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Inheritance in JavaScript: Understanding the constructor Property

JavaScript has an interesting inheritance mechanism: prototypal. Most of the starting JavaScript developers have hard time understanding it, as well as I had.

All types in JavaScript (except the null and undefined values) have a constructor property, which is a part of the inheritance. For example:

var num = 150;
num.constructor === Number // => true
var obj = {};
obj.constructor === Object // => true
var reg = /\d/g;
reg.constructor === RegExp; // => true

In this article we'll dive into the constructor property of an object. It serves as a public identity of the class, which means it can be used for:

  • Identify to what class belongs an object (an alternative to instanceof)
  • Reference from an object or a prototype the constructor function
  • Get the class name

1. The constructor in primitive types

In JavaScript the primitive types are number, boolean, string, symbol (in ES6), null and undefined. Any value except null and undefined has a constructor property, which refers to the corresponding type function:

  • Number() for numbers: (1).constructor === Number
  • Boolean() for booleans: (true).constructor === Boolean
  • String() for strings: ('hello').constructor === String
  • Symbol() for symbols: Symbol().constructor === Symbol

The constructor property of a primitive can be used to determine it's type by comparing it with the corresponding function. For example to verify if the value is a number:

if (myVariable.constructor === Number) {
// code executed when myVariable is a number
myVariable += 1;

Notice that this approach is generally not recommended and typeof is preferable (see 1.1). But it can be useful for a switch statement, to reduce the number of if/else:

// myVariable = ...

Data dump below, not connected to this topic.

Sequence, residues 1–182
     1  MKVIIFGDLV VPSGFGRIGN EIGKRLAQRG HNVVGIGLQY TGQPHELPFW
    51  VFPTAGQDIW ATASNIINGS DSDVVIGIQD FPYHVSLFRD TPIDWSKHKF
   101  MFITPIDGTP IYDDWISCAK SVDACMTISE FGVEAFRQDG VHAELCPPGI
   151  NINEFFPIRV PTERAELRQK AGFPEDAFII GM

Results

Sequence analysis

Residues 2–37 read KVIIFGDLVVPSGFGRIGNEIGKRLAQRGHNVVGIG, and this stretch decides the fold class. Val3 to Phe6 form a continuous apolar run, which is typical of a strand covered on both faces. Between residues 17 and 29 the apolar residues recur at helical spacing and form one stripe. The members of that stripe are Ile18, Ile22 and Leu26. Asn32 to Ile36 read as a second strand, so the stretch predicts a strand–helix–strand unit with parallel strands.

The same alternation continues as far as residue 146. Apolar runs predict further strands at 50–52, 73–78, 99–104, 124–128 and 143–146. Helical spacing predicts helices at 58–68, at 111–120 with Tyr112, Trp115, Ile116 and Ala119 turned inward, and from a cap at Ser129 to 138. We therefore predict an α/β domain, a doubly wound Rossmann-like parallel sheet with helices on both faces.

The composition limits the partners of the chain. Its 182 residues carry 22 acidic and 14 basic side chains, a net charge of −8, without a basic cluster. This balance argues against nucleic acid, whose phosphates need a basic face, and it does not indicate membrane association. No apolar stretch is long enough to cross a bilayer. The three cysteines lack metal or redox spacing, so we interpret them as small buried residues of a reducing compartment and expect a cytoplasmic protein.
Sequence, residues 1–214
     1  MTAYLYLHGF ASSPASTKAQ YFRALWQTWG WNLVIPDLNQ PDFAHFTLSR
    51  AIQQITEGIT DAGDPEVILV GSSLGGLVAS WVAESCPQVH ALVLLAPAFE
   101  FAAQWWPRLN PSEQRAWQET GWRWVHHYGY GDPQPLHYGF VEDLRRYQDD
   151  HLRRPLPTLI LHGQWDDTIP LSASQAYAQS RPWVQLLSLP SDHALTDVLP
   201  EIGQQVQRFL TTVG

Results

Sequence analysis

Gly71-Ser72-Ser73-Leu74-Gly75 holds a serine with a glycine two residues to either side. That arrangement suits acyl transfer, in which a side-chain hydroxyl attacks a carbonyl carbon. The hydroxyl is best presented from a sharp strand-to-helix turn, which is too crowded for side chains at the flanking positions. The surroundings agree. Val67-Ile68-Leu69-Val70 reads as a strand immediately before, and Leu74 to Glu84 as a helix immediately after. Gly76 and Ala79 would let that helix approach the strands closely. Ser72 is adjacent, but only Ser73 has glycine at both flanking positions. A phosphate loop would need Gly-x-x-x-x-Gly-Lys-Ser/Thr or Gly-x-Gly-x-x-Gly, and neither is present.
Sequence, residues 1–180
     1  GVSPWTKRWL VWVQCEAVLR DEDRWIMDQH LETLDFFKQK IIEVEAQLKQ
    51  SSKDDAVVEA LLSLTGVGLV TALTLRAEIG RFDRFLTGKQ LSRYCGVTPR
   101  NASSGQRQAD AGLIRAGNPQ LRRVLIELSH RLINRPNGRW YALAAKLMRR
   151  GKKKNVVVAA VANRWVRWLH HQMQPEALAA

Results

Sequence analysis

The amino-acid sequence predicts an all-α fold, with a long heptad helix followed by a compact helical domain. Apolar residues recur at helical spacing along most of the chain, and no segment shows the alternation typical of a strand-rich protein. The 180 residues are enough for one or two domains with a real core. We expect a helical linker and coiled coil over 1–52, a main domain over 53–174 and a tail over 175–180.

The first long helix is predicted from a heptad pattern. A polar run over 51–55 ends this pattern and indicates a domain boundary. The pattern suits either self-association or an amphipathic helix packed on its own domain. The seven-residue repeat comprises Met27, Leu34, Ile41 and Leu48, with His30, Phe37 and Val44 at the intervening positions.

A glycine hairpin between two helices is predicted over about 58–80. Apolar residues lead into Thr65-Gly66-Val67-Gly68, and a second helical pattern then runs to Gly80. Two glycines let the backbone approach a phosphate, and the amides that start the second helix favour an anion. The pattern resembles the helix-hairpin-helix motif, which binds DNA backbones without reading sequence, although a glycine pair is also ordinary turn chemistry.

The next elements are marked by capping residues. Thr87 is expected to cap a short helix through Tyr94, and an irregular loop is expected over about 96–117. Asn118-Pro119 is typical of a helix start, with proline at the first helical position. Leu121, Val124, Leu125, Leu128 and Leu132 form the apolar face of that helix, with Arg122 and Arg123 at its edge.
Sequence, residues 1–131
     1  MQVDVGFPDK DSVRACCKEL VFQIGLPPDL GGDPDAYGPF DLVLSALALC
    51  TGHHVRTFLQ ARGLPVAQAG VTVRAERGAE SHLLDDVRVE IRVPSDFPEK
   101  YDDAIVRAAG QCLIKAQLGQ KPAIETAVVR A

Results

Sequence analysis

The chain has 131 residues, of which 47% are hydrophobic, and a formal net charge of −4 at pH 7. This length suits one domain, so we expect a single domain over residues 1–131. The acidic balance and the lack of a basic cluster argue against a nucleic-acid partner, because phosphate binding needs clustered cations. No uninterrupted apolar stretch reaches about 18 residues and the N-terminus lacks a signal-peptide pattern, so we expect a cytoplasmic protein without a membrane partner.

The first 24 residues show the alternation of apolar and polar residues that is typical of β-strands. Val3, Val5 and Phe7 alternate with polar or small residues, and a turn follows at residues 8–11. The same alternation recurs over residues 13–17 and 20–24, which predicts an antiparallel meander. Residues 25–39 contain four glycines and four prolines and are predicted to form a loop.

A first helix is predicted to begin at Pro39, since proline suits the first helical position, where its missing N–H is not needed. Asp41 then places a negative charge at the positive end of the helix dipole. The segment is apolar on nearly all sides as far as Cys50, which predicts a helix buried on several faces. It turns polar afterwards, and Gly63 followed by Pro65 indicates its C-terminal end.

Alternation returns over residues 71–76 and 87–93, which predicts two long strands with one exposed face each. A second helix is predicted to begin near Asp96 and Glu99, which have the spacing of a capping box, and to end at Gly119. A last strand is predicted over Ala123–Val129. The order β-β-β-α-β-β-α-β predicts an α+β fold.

var type;
switch (myVariable.constructor) {
case Number:
type = 'number';
case Boolean:
type = 'boolean';
case String:
type = 'string';
case Symbol:
type = 'symbol';
type = 'unknown';

1.1 The object wrapper for a primitive value

An object wrapper for a primitive is created when invoking the function with new operator. Wrappers can be created for new String('str'), new Number(15) and new Boolean(false) . It cannot be created for a Symbol, because invoked this way new Symbol('symbol') generates a TypeError.
The wrapper exists to allow developer to attach custom properties and methods to a primitive, because JavaScript doesn't allow for primitives to have own properties.

Existence of these objects may create confusion for determining the variable type based on the constructor, because the wrapper has the same constructor as the primitive:

var booleanObject = new Boolean(false);
booleanObject.constructor === Boolean // => true
var booleanPrimitive = false;
booleanPrimitive.constructor === Boolean // => true

2. The constructor in a prototype object

The constructor property in a prototype is automatically setup to reference the constructor function.

function Cat(name) { = name;
Cat.prototype.getName = function() {
Cat.prototype.clone = function() {
return new this.constructor(;
Cat.prototype.constructor === Cat // => true

Because properties are inherited from the prototype, the constructor is available on the instance object too.

var catInstance = new Cat('Mew');
catInstance.constructor === Cat // => true

Even if the object is created from a literal, it inherits the constructor from Object.prototype.

var simpleObject = {
weekDay: 'Sunday'
simpleObject.prototype === Object // => true

2.1 Don't loose the constructor in the subclass